The first time I went to Japan eight years ago, I expected to be transported to a magical landscape of rolling green hills, mossy shrines and hidden mysteries. I was not disappointed, and I’ve since returned to the countryside four times, covering my bases in the southern, central, and northern parts of Japan. In my most recent trip, I lived out one of my dreams of apprenticing in a traditional Japanese miso and koji shop. While miso is largely known for the soup it made famous, koji is only just gaining worldwide popularity. Traditionally a grain that is inoculated and fermented with the mold, Aspergillus oryzae, koji is the ingredient that gives soy sauce, mirin, rice vinegar, sake and miso their life and character. It’s no wonder that Japan has deemed it their “National Fungus.”
A family I met on a previous trip to the northern prefecture called Yamagata (which literally translates to “mountain-shaped”) welcomed me to their home. Here, I spent a month learning traditional koji making techniques. In addition to fabricating koji, miso and other koji products, they also run a cozy café that sells koji goods ranging from koji brownies to koji curry. A traditional Japanese wooden building, the interior smelled like my own paradise would: cedar, salty sour miso and baked goods.
My days were divided by work in the café, the koji workshop, and cozy evenings in their home, all located on the same plot of land. Evenings were spent relishing Okaasan’s Japanese home cooking, stitching away at my sashiko project, or Japanese embroidery, and obsessive study of koji and Japanese. Since the family only spoke a few words of Japanese, I spent most of my free time improving my intermediate level of Japanese. I balanced Japanese study by reading manga for fun and memorizing technical koji-related terms such as “enzymatic activity” and “lactic acid.”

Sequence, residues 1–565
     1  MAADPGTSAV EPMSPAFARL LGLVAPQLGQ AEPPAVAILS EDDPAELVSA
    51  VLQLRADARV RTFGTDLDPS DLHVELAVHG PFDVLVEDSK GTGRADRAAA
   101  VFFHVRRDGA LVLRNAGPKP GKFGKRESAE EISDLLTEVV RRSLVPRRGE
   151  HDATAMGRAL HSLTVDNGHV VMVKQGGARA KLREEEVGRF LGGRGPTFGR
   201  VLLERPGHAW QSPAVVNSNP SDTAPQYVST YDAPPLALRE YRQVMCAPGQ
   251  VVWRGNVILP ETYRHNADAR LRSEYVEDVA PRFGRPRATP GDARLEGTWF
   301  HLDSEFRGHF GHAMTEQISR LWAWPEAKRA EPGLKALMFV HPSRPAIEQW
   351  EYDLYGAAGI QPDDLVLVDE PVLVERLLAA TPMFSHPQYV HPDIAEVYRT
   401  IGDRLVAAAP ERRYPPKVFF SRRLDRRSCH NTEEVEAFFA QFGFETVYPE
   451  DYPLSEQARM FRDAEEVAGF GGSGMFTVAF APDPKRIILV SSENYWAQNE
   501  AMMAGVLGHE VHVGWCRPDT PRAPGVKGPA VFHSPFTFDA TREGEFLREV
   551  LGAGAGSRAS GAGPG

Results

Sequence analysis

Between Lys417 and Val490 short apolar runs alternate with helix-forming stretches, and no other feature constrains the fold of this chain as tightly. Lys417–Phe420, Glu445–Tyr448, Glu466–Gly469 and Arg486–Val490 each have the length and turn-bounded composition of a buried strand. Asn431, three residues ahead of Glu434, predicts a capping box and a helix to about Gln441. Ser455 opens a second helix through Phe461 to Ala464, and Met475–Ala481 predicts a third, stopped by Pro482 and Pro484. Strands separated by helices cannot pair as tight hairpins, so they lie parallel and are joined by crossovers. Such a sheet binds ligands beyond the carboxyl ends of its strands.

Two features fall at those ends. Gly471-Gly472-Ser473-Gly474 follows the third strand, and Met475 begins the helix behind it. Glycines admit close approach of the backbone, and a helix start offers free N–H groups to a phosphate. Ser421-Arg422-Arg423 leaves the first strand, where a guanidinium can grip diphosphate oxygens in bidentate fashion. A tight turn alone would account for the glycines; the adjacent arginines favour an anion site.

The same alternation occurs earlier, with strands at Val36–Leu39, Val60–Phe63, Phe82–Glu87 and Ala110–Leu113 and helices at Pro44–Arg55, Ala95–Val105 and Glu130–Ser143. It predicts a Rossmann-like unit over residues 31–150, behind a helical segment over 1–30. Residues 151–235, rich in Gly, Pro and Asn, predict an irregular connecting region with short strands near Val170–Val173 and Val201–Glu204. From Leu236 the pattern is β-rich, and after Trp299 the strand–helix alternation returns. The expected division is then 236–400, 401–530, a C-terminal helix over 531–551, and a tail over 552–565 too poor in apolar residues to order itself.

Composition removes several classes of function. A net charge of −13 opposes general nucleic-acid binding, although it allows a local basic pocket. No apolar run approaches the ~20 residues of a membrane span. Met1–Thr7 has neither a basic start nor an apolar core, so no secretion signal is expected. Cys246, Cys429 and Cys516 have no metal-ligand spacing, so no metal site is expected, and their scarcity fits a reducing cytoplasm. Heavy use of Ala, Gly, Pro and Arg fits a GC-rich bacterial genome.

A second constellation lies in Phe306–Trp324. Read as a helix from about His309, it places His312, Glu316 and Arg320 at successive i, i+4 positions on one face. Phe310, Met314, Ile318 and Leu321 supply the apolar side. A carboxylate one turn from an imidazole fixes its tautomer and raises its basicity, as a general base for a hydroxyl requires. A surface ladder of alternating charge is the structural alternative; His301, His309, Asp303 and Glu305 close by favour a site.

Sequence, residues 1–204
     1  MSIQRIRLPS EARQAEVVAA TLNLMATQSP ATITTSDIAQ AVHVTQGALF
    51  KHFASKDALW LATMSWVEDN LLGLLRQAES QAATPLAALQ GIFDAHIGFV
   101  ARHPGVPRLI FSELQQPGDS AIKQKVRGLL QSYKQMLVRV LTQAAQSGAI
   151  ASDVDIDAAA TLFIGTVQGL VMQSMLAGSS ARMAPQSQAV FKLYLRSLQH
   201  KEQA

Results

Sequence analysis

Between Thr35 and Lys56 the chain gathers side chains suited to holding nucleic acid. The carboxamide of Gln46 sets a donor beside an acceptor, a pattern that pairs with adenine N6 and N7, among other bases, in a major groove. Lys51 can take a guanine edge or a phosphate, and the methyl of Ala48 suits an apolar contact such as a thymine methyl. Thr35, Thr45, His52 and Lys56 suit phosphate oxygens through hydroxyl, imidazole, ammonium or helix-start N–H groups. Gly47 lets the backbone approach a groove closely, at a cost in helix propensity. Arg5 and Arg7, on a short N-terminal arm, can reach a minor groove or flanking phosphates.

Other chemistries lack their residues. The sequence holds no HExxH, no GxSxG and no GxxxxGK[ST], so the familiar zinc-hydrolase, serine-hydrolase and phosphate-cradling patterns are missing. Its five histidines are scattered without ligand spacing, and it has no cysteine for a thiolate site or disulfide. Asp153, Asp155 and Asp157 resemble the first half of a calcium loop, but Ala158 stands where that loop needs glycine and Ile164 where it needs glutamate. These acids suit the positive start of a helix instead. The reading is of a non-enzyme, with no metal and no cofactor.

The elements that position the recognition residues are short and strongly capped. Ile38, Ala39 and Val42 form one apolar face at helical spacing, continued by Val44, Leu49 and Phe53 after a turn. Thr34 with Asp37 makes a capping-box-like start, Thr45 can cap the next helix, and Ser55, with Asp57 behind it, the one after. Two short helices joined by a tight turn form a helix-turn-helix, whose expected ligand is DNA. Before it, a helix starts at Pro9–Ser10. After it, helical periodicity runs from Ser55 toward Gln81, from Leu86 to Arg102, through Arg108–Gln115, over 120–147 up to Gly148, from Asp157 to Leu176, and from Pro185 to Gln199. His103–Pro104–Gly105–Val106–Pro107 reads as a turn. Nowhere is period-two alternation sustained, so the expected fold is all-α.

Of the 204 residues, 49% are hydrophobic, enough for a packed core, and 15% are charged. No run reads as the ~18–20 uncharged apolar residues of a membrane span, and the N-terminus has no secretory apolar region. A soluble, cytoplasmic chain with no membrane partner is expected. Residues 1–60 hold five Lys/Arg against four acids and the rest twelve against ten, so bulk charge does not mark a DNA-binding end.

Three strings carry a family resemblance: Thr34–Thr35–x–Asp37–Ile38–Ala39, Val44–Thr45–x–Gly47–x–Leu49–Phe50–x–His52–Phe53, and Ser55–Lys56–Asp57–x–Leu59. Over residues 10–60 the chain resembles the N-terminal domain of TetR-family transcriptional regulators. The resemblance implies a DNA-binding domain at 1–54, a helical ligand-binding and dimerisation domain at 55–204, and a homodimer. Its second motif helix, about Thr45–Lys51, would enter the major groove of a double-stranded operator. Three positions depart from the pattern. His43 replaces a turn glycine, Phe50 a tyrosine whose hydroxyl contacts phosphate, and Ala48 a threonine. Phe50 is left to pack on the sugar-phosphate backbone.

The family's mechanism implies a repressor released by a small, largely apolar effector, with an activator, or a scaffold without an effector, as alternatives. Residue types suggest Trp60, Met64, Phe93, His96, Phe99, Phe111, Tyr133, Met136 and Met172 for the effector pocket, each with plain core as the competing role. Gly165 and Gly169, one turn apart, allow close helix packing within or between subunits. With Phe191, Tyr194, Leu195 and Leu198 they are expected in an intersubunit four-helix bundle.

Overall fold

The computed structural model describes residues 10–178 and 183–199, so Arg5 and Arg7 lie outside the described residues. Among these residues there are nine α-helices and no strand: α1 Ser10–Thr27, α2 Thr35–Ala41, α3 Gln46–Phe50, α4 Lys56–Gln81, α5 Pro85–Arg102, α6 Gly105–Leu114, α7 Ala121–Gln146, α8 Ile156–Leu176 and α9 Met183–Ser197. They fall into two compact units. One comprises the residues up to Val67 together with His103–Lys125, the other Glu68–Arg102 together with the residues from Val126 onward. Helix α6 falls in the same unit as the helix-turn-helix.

When I wasn’t making koji, working in the cafe, and studying Japanese, I indulged in some local outings with the café owners and their daughters. As the region is well-known for its onsens, or hot springs, and mountains, there are plenty of excursions to choose from that are suitable for any season. It was my second time in Yamagata, so I knew to come prepared with this gear:
If relaxing in hot springs is your thing, you’ll want to purchase a waterproof toiletry bag for your onsen trips. Although classic Japanese onsen bags are draw-string lined with a water resistant interior, I find the zipper and simple triangular shape of the Topo Designs toiletry bag keeps your goods more accessible and better organized. Come prepared with a toiletry bag, a few yen, and a towel, and nothing can stop you from trying several of the 420 hot springs that Yamagata offers.
Essentially a rectangular patterned cloth, the Japanese use tenugui for just about anything you can do with a rectangular piece of patterned cloth. I used it to cover my hair while making koji, to dry dishes at the café, as a towel at onsens, to wrap gifts, to tie up my bento box…you might need a few.
In homes, temples, even cultural buildings and some restaurants, you will need to take off your shoes. The Japanese have been doing it their whole life, and they do it very quickly. In order to keep up, and to avoid creating a traffic jam in the entryway, slip-on shoes have become my shoe of choice when I am in Japan.
During my apprenticeship, no photos or videos were allowed. I was told that I would only be allowed a notebook if I wanted to document what I was learning. These Rite in the Rain notebooks fit perfectly in the breast pocket of my working T-shirt. I chose a water-resistant one that could stand up to the humid muro room, where koji is made, and any water damage it might face in my backpack, or possible accidents that can occur while drinking senchatea.
There is not much to do during the winter in a small countryside town in Japan. As the family spent their evenings on their own projects in front of the TV, I took up sashiko, Japanese embroidery. It’s a perfect activity for meditating on your day and is a welcomed break from the hard brainwork of language immersion.
Japan is well-known for its pottery and tea culture, so it would be a shame not to bring some pieces back as a souvenir. Crafting tableware for around 200 years, this Yamagata shop called Seiryugama uses local materials to produce their clay and glaze. They are especially known for their poetic glaze called Zansetsu which means “the remaining snow in early spring.”
More than just an e-reader, the Kindle is indispensable for language learning. With a built-in dictionary, you can look up words with a flick of your finger. When your brain is fried, you can switch to something lighter in your native tongue. Did I mention that it’s waterproof, allowing you to soak and read in high-tech Japanese bathtubs without a single worry?